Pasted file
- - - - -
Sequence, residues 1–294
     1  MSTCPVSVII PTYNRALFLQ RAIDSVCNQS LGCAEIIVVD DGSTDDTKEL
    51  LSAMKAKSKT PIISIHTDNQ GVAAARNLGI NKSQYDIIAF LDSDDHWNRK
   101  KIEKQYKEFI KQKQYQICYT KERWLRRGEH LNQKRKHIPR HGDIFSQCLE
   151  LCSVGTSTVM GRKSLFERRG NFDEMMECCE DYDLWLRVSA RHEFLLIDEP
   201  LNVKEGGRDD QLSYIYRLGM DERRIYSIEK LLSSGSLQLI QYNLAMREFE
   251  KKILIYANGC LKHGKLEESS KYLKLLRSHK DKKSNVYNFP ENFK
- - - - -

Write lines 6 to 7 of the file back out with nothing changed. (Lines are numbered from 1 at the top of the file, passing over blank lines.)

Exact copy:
   201  LNVKEGGRDD QLSYIYRLGM DERRIYSIEK LLSSGSLQLI QYNLAMREFE
   251  KKILIYANGC LKHGKLEESS KYLKLLRSHK DKKSNVYNFP ENFK